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I am currently working on some syntax highlighting in Javascript.

To match strings, I would use something like this:
code = code.replace(/("([^"\\]*(\\.[^"\\]*)*)")/gm, "<span class=\"string\">$1</span>"); // string

This would match an integer:
code = code.replace(/(\d+)/gm, "<span class=\"number\">$1</span>");

Now my problem is that an integer within a string would get matched too. It's not a problem of highlighting but of performance, since I could use
code > span.number instead of code span.number.
Any suggestions for preventing this kind of behavior?

I also read through TextMate's Language Grammars which seem really powerful to me. However, I have no idea how I could implement that in Javascript.
Some help would really be appreciated.

I know that there are many good syntax highlighting things around, but none of them provides really good support for Objective-C.

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Do you want to write a syntax highlighter in JavaScript to higlight code written in Objective-C? Or do you want to write a highlighter in Objective-C for code written in JavaScript? – Mike Samuel Jul 26 '11 at 16:48
I want to highlight Objective-C code in JavaScript. – Christian Schnorr Jul 26 '11 at 16:50
up vote 5 down vote accepted

If you want to write an objective-C mode for Google Code Prettify I would be happy to incorporate it.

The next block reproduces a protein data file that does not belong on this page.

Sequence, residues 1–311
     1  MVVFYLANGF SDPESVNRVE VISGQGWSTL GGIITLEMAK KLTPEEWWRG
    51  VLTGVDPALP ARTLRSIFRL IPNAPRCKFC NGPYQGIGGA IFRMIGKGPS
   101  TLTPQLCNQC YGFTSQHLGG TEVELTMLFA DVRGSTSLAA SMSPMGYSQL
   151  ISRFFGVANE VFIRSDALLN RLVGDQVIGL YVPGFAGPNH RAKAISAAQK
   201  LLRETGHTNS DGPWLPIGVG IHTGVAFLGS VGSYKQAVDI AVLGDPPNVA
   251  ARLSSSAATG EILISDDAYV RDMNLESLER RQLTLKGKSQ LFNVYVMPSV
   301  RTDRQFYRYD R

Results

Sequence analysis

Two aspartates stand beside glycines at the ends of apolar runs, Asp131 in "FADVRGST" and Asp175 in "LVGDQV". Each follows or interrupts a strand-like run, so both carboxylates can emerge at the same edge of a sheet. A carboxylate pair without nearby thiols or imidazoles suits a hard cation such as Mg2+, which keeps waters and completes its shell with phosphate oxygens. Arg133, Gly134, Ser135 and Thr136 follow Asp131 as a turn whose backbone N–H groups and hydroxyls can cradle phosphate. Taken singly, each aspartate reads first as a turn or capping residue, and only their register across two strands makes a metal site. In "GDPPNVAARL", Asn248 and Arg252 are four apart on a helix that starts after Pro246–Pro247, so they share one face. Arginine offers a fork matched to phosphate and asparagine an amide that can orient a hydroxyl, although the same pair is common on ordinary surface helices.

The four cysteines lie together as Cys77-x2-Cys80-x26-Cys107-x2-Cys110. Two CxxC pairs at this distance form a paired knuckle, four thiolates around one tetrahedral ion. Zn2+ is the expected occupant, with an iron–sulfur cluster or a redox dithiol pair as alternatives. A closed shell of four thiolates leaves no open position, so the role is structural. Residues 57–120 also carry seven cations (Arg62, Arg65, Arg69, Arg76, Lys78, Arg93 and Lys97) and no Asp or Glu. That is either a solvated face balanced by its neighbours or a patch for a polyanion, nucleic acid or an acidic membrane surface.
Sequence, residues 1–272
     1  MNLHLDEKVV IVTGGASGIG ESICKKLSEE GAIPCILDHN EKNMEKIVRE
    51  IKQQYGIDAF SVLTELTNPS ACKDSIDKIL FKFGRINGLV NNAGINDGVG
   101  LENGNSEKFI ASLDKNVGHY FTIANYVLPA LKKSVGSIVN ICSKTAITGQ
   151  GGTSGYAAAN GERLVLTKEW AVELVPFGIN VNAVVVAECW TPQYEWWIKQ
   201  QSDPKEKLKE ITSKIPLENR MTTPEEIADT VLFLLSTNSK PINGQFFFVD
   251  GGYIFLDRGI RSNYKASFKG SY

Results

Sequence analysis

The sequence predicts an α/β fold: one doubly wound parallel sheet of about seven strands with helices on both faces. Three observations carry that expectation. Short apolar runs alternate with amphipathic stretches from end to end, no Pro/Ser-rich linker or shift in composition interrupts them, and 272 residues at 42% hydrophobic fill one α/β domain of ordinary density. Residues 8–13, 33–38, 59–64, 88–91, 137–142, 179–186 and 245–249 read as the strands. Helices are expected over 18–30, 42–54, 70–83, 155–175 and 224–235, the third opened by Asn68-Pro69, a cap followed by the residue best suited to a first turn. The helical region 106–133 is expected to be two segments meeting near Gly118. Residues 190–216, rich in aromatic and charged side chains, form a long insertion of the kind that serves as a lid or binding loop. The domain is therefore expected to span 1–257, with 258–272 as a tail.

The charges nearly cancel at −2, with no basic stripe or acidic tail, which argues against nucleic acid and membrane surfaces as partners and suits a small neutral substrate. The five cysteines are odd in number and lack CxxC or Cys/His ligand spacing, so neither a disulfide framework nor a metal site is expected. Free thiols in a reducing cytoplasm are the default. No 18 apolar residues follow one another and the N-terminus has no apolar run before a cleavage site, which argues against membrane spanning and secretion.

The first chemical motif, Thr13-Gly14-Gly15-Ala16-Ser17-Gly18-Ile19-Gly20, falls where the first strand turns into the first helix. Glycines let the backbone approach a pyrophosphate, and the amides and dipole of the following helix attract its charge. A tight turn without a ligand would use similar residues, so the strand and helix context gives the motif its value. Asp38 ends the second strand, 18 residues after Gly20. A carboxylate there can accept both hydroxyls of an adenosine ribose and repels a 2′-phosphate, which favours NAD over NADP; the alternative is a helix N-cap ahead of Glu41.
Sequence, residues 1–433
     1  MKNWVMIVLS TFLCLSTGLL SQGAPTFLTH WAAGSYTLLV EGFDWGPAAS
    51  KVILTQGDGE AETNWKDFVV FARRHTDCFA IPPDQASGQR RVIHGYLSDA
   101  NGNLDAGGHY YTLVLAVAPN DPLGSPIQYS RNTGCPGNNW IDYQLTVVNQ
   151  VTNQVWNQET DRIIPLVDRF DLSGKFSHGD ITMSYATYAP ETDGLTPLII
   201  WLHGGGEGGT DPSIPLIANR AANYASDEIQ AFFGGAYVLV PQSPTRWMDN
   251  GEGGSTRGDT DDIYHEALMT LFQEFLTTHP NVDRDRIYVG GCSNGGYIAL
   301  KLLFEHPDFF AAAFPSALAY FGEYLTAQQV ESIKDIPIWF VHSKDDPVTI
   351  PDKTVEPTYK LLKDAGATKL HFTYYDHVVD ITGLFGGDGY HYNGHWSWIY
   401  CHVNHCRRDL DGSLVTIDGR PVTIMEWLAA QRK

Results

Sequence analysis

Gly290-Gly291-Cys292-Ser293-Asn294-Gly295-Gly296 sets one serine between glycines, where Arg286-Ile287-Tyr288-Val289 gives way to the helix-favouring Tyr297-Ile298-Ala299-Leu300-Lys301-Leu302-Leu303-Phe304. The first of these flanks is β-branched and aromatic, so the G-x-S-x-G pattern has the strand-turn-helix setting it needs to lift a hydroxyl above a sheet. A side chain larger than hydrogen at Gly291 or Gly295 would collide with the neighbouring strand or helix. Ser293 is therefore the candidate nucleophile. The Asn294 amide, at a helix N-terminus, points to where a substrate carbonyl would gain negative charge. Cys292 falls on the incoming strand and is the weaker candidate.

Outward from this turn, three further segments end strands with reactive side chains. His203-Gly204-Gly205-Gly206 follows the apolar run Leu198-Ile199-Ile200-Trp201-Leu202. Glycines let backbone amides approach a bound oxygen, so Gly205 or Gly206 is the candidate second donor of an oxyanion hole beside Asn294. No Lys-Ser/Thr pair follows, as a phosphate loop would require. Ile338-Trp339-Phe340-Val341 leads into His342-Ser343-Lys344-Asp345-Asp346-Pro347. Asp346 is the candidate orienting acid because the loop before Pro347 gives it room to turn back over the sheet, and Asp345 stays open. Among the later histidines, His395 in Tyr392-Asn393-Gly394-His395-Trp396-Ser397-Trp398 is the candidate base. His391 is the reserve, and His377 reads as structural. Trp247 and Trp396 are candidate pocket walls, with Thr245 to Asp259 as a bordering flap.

You can see an example mode for OCAML/SML style languages at

Lines like

 /^(?:\"(?:[^\"\\]|\\[\s\S])*(?:\"|$)|\'(?:[^\'\\]|\\[\s\S])(?:\'|$))/, null, '"\'']

say that this is a highlighting rule for a string and a string matches the regular expression above (a run of non-quotes or escape sequences inside double quotes or a run of non-single-quotes or escape sequences inside single quotes).

This rule


matches number literals. A number literal is an optional sign followed by one of a hex literal, a dot followed by a fraction, or an integer part followed by a fraction, and the last two can have an optional exponent at the end.

The code prettify engine takes care of making sure that strings are treated as strings and things that look like numbers inside strings are not mistaken for numbers.

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Maybe you would want to take a look at Alex Gorbachev's SyntaxHighlighter. Theres currently no module for Objective C but he provides a manual for developing "custom brushes".

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